When we take that experience of thirst and make it immediate, no matter what narrative tense we are writing in, it changes everything.
Which sentence feels stronger, more pressing?
- They were hot and thirsty.
- They trudged on with dry, cracked lips, yearning for a drop of water.
- I walk toward the oasis with dry, cracked lips and parched tongue.
The way we show the perception of time for these thirsty characters is the same – the narrative is in the past tense in the first two cases and the present in the third.
Each sentence says the same thing, but we get a different story when we change the narrative tense, point of view, and verb choice.
“Were” is a verb, but it is subjunctive and is perceived as a weak word, where “trudged” conveys power. The narrative time in which the story is set (past or present tense), verb choice, and expansion of the imagery – these combine to change how we see the characters at that moment.
No matter what narrative tense you choose for your story, using strong verbs to describe their actions and emotions will reinforce the reader’s connection to the characters.
For my short story, View from the Bottom of a Lake, the narrative tense that worked best was a past tense, close third person.
Peggy Jayne smiled. Beneath the green-glittering gaze, her toothsome smile flayed her daughter, leaving Sarah breathless, panicking and longing for her lake.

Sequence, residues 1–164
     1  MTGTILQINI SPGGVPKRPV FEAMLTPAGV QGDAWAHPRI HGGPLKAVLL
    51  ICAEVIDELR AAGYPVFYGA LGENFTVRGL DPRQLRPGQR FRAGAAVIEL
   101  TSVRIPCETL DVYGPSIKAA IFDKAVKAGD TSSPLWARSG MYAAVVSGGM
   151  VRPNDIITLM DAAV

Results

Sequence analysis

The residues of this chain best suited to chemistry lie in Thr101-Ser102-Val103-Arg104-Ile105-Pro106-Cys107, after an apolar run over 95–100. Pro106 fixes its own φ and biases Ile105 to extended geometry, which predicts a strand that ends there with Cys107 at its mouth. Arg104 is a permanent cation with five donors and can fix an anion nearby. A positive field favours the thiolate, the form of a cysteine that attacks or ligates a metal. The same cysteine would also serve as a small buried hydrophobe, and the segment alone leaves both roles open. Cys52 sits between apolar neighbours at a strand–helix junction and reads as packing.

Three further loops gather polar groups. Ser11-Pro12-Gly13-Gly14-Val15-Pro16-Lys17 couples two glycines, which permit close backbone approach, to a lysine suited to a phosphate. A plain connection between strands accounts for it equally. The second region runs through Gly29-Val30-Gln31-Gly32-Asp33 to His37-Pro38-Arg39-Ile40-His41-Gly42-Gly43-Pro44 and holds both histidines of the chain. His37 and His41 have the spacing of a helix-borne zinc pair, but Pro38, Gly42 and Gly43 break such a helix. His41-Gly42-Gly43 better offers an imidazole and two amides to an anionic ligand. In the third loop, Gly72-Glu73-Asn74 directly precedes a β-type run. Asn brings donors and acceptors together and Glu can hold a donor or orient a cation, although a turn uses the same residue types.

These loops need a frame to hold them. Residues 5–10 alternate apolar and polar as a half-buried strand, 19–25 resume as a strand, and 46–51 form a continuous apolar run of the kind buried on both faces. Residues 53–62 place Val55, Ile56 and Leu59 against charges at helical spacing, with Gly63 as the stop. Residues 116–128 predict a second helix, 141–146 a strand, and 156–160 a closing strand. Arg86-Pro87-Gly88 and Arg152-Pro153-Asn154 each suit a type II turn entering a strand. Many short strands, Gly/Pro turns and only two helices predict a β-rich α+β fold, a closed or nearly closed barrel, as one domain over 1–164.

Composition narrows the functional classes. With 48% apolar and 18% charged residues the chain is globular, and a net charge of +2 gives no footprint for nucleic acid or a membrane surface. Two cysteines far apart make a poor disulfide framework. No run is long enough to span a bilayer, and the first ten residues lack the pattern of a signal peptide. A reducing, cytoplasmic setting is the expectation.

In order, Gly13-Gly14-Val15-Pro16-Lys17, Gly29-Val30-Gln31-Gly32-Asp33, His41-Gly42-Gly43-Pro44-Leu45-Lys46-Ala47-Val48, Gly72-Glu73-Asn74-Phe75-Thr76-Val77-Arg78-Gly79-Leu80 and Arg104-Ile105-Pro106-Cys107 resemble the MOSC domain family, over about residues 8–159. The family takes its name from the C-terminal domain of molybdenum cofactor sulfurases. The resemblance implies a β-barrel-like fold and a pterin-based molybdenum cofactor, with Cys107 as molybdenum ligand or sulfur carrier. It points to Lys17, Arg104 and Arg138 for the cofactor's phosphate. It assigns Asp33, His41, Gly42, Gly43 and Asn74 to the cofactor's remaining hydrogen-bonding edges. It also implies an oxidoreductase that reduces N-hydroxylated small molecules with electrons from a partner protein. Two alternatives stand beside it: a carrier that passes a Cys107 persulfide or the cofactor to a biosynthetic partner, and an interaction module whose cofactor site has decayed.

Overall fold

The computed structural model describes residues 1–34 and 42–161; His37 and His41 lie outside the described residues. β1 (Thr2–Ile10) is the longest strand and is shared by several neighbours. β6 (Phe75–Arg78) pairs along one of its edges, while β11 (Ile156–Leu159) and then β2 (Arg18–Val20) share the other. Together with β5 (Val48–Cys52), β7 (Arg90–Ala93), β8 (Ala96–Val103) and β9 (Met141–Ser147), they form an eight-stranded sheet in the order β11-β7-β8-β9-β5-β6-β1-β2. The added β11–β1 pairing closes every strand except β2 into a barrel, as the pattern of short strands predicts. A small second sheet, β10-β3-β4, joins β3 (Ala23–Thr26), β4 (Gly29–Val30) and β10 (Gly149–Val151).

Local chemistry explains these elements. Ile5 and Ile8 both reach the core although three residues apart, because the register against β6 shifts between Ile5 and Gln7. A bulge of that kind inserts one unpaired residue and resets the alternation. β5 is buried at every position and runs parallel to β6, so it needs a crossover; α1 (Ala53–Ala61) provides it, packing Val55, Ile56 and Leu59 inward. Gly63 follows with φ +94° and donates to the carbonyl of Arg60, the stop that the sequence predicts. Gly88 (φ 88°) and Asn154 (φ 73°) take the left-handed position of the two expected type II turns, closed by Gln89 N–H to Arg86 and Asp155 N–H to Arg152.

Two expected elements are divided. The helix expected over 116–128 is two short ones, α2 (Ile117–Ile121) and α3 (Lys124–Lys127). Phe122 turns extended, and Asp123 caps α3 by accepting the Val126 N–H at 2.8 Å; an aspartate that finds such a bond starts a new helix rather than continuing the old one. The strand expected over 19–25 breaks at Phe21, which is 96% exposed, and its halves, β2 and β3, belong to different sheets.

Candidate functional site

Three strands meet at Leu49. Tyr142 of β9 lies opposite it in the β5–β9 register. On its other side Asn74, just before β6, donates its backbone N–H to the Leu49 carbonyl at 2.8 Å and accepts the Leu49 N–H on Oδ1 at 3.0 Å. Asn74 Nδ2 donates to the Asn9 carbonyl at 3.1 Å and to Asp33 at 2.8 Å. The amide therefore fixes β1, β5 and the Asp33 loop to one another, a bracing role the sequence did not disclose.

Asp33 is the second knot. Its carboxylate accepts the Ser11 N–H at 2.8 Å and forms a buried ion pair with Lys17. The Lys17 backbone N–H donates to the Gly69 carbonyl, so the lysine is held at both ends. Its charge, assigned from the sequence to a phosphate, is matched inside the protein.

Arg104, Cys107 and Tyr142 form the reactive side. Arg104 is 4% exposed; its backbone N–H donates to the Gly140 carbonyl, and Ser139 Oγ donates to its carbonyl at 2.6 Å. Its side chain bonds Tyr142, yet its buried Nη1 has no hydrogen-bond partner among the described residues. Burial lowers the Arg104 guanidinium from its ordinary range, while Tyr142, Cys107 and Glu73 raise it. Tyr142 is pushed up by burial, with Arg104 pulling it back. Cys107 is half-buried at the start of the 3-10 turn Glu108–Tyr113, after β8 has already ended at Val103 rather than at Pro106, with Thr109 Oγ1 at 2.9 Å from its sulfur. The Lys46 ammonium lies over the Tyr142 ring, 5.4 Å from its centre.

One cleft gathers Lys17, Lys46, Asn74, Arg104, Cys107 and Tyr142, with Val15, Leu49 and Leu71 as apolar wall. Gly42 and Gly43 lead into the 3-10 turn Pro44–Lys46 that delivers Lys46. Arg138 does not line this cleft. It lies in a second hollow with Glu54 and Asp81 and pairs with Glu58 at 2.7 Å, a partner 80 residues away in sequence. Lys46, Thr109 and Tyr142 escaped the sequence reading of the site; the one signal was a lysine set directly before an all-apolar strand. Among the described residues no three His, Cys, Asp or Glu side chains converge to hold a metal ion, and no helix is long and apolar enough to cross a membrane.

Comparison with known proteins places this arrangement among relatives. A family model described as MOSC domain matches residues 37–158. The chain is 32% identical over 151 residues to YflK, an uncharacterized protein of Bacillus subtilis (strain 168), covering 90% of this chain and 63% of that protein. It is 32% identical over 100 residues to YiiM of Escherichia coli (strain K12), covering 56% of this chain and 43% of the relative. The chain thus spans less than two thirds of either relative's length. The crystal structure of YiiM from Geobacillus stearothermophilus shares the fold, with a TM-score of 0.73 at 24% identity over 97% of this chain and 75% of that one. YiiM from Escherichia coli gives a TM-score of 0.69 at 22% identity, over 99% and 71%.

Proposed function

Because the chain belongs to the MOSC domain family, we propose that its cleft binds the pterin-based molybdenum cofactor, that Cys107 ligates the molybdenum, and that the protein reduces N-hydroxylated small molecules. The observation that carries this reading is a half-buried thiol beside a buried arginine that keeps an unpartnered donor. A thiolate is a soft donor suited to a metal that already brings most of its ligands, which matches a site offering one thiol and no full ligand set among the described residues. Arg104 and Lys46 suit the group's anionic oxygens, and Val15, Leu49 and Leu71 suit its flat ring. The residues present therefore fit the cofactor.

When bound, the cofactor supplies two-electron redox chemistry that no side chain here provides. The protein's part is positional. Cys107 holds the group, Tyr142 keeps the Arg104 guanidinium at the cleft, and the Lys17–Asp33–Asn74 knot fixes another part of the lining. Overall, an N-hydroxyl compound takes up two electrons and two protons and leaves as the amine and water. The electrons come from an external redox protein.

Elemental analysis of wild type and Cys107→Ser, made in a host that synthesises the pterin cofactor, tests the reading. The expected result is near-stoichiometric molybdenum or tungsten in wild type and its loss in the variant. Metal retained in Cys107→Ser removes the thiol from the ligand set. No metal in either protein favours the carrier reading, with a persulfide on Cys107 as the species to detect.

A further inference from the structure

Sometimes the only way you can get into a character’s head is to write them in the first-person present tense, which happened to me with Thorn Girl. I struggled with her story for nearly six months until a member of my writing group suggested changing the narrative tense and point of view.
Once I did that, the story fell out of my head the way I had envisioned but couldn’t articulate, and I wrote it in one evening.
My first instinct is to shake my head and back away.
But I don’t. Long ago, my Lady told me that in every life, a time will come when you arrive at a precipice. You must either leap the chasm or fall to your death.
I stand at that place now.
In traditional first-person POV, the protagonist is the narrator. We must keep in mind that no one ever has complete knowledge of anything, so the first-person narrator cannot be omnipotent.
Every story is unique, and some work best in the past tense, while others need to be in the present. When we begin writing a story using a narrative time that is unfamiliar to us, we may have trouble with drifting tense and wandering narrative points of view.
This happens most frequently if you habitually write using one mode, say the third-person past tense, but switch to the first-person present tense.
For this reason, when you begin revisions, it’s crucial to look for your verb forms to make sure your narrative time doesn’t inadvertently drift.
PREVIOUS POSTS IN THIS SERIES:
This post: Character Development: Narrative Time
Credits and Attributions:
Maeve Maddox, The Many Forms of the Verb To Be, Copyright © 2007 – 2021 Daily Writing Tips. All Right Reserved
Quote from View from the Bottom of a Lake, © 2020 Connie J. Jasperson. Story first appeared in the anthology Escape, published by the Northwest Independent Writers Association and edited by Lee French.
Quote from Thorn Girl, © 2019 Connie J. Jasperson. Story first appeared in the anthology Swords, Sorcery, and Self-rescuing Damsels, edited by Lee French and Sara Craft.